Representing the Experience of City

How can we represent a city in the form of a distinctive memento without relying on icons?

Elizabeth Kelly
College of Fine Arts, University of New South Wales, Australia

A dissertation submitted in fulfilment of the requirements of the Degree of Bachelor of Design with Honours, November 2005


Certificate of Originality

“I hereby declare that this submission is my own work and that, to the best of my knowledge and belief, it contains no material previously published or written by another person nor material which to a substantial extent has been accepted for the award or any other degree or diploma of the university or other institute of higher learning, except where due acknowledgement is made in the text”

Elizabeth Kelly



Thank you for your support and advice:

Thank you to my supervisor, Carol Longbottom, for her encouragement guiding my progress throughout and for helping direct me to so many different interesting theorists.

Thank you to Althea Francini for guiding me to Narrative Inquiry and giving me the faith to be the sort of researcher I am. 

Thank you to Brad Miller for looking after all of us as co-ordinator and not having a heart attack over my unusual approach to things. 

I would also like to thank to Vaughan Rees and Professor Neil Brown for lending their fresh eyes and opinions.

And, finally, thanks to my family and friends for supporting me, listening, helping to edit and generally putting up with me.



This paper looks at how we experience cities and how that experience could influence the way in which we represent a city.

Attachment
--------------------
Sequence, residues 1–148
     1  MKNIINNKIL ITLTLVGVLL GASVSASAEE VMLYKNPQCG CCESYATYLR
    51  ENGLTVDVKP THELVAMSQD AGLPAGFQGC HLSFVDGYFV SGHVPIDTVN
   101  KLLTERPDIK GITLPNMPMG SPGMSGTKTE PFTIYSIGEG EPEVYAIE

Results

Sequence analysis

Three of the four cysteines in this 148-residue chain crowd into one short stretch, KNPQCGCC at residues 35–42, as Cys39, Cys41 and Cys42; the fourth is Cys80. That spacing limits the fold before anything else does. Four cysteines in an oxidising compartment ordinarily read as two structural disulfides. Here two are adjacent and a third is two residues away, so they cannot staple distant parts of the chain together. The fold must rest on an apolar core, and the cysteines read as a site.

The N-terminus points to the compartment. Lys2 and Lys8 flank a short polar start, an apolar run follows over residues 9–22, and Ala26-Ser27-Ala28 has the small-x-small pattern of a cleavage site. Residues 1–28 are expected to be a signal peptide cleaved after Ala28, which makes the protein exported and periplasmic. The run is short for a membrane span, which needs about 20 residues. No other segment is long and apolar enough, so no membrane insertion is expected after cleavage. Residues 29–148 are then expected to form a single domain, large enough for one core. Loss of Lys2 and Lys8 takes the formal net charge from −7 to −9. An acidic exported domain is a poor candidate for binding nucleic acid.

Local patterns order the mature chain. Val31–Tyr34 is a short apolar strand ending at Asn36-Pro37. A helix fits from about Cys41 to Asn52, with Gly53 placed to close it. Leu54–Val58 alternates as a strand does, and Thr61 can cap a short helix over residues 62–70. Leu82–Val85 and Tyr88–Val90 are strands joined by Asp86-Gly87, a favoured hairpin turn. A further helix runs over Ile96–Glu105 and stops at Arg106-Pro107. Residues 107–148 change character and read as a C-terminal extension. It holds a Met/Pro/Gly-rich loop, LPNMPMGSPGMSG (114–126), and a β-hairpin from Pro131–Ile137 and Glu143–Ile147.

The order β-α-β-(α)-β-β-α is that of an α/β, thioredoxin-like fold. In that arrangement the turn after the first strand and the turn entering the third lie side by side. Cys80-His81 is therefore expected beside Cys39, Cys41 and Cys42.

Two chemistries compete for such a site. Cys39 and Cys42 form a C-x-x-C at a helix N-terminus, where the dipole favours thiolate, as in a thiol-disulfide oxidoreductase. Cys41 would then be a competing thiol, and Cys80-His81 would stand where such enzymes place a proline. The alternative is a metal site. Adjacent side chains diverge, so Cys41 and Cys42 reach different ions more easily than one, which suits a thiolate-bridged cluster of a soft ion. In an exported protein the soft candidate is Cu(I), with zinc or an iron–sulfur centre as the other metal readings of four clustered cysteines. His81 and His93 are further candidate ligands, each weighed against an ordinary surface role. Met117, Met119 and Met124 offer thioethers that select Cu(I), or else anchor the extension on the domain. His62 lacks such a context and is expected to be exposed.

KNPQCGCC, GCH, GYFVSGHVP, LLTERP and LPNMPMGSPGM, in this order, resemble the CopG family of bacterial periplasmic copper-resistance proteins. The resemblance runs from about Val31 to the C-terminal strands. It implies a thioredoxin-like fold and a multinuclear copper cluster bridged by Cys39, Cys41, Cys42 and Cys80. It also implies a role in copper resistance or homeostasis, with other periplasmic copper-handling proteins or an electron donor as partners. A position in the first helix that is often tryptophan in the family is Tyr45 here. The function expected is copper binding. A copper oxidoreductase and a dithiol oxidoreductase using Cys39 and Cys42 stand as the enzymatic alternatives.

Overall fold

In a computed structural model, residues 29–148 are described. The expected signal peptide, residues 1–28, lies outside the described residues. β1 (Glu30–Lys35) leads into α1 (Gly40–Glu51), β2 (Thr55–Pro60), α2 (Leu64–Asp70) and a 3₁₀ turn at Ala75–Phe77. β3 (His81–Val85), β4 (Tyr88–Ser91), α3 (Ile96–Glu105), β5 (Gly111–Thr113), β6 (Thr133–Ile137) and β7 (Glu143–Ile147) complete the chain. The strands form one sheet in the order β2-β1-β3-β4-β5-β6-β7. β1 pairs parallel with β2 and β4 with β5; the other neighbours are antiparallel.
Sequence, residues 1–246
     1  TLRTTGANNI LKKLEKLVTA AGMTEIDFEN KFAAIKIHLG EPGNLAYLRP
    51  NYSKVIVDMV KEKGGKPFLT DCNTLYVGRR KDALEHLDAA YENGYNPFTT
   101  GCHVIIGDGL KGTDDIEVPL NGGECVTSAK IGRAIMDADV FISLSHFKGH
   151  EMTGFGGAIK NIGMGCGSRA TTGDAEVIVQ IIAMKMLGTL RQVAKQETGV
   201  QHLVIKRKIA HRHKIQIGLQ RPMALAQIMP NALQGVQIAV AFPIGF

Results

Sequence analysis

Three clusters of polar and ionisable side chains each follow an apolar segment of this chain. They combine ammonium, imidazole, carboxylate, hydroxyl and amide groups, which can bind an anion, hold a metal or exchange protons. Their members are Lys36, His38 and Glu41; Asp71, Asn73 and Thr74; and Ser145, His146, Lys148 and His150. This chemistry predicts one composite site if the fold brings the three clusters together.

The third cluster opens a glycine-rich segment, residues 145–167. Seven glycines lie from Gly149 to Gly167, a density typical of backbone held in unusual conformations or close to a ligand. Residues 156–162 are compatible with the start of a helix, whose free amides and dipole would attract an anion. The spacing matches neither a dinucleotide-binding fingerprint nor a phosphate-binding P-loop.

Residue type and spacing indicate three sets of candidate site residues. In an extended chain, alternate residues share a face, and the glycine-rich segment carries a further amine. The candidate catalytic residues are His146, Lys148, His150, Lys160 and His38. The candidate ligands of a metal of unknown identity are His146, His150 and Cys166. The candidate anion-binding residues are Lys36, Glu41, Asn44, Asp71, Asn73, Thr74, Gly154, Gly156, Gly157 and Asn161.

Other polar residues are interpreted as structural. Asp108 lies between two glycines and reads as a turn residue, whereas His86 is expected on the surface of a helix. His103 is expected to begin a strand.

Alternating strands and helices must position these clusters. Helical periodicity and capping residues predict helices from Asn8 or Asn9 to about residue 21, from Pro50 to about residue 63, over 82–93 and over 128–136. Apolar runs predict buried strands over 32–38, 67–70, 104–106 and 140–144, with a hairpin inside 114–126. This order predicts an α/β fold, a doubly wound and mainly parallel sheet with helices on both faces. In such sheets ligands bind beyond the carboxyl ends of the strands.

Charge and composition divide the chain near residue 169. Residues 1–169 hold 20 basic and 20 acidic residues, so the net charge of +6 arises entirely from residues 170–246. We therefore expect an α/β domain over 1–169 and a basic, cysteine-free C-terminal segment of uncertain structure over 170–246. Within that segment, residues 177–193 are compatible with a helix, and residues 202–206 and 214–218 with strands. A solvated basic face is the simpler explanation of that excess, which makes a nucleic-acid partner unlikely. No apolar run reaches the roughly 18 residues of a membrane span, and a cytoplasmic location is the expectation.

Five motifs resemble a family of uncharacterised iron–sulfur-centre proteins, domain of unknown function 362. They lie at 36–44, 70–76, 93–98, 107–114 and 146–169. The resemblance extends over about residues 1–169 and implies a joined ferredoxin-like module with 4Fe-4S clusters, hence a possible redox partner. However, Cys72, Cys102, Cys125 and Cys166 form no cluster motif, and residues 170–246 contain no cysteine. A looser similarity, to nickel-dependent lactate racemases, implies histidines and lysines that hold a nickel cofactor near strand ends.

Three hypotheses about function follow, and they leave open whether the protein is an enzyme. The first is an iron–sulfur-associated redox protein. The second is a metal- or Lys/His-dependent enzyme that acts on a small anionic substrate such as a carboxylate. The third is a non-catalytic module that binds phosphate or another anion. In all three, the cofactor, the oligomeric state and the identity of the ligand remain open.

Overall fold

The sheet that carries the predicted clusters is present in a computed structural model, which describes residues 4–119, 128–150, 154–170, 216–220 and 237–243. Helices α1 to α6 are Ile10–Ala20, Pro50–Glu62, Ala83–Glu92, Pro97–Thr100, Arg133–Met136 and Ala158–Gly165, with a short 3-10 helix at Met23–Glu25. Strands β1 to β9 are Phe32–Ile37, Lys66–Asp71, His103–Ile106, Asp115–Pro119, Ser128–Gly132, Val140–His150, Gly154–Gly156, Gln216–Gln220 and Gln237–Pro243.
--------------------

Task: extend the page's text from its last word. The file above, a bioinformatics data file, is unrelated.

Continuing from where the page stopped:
The paper is laid out as a framework for designers to consider when developing mementos aimed at a tourist market. A range of interpretations of the city are examined, from its urban form and structure to its symbolic significance. It looks at the narratives and images contained within the city, as well as the scope of personal experiences and multiple perspectives by which the city may be viewed. It aims to inspire all design practitioners to reflect on the rich potential a city offers for creating distinctive objects. 

The focus of the study will be on Sydney. 


Table of Contents

Chapter 1 – Considering the City

1.1 Methodology

Chapter 2 – Context of Study – Motivations and the Tourist Gaze

2.1 Iconic Representation

2.2 The Tourist’s Role in Defining the City

2.3 Tourist Versus Local Viewpoint

Chapter 3 – What is a City

3.1 City as Architecture and Form

3.2 City as Form and History

3.3 City as Receptacle of Intersection

3.4 City as Symbol

3.5 City as Interpretation

3.6 City as Brand

Chapter 4 – City as Experience

4.1 Documenting Experience

4.2 Sydney Narratives

Chapter 5 – Images of the City

5.1 Seeing the City

5.2 City as Artwork

5.3 Ekphrasis and the City

5.4 Sydney Ekphrasis

Chapter 6 – The Texture of the City

6.1 The ‘Grain of the City’ 

6.2 The Grain of Sydney

6.3 Grain as Texture

6.4 Texture of Sydney

6.5 Sydney Style

Chapter 7 – Representing the City

7.1 The Souvenir and Images for Tourists

Chapter 8 – Reflecting on the City

8.1 Ways forward in Representation


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